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Sound and vision: The rise and fall of vinyl

Discussion in 'The Magazine Forum' started by fdrennen, Feb 18, 2016.

  1. House de Kris

    House de Kris Loud-n-Deep

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    An interesting discussion, perhaps, but the conclusion drawn is quite wrong. This book was written in 1999, and we should have known better then, and definately know better now. The author does, at least, interpret the medical study correctly, about the human sensitivity to interaural time differences, which is more than most of the writings I've seen on this topic. But, the author fails to understand the nature of digital audio, and pulls the same knee-jerk conclusion of virtually all other writers addressing this topic. In a nutshell, 16/44.1 digital audio can (and does) have inter channel delay capabilities way below 1us. Delay capability has little to do with sample rate, as the author correctly stated defines bandwidth.
     

     

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  2. Scifi

    Scifi Super Member

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  3. House de Kris

    House de Kris Loud-n-Deep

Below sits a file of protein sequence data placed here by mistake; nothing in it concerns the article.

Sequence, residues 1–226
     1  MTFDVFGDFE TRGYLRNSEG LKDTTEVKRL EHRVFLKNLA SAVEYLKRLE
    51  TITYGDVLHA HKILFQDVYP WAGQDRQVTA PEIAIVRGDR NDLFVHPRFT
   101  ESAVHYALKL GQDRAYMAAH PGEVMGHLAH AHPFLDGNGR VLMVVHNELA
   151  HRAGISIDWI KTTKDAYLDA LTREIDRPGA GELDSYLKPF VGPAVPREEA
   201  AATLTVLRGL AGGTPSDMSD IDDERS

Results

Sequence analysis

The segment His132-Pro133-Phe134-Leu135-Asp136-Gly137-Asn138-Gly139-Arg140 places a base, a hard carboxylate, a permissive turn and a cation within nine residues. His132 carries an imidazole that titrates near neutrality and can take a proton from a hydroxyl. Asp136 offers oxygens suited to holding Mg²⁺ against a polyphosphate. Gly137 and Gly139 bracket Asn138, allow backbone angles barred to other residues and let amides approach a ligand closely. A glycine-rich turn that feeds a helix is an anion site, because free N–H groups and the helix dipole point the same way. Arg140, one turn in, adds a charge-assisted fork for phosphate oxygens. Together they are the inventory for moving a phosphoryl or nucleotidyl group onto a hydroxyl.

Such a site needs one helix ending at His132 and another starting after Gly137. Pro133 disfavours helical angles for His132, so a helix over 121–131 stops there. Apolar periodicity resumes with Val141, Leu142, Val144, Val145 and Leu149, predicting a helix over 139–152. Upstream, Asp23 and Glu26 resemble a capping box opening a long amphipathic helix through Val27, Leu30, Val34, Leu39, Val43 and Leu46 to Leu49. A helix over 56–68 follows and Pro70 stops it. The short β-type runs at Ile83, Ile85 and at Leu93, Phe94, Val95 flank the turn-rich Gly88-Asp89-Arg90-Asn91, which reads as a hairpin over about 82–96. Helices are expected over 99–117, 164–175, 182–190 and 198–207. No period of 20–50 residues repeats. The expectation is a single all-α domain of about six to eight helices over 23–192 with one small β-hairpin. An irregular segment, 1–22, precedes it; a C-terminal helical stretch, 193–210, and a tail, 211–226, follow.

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    What you say about the time of samples is true, but linking to the same erroneous article multiple times will not make the conclusions drawn in the article any more true. Sample rate determines bandwidth only, it has very little to do with the timing accuracy needed for delays between channels. I fully understand that it may appear so at first glance by the pedestrian, but in reality the word width is what gives the ability to place timing events with sub-micro second accuracies. Way beyond what is detectable by humans.
     
  4. Snoober

    Snoober Dysthymic Subscriber

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    To think, I've sunk almost $10,000 over the last few years into my vinyl front end for nothing more than a "romantically sensual" experience, according to the Sound & Vision article. Um, no: I invested the money because vinyl done right exceeds the playback quality of other media in my system. Anyone who tries to posit that people who invest in vinyl do so for reasons of nostalgia only are obviously not referring to my subset of "people".
     
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  5. JoeESP9

    JoeESP9 ESL's & tubes since 83

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    +1:thumbsup:
    I have no irrational connection with vintage gear as many posters here do. I'm only concerned with getting the best sound I can from whatever gear I'm using.
     
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  6. CSCHOEN

    CSCHOEN Active Member

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    I really need both cds and vinyl. Some records I have are not on cd, and if they are, the vinyl has been mastered better. On the other hand, I have more than a few cds
    (Mofi, AF, DCC gold discs) that are so much better than the record I have, that the cd is what I will play. But I would trade my cds before I would my records.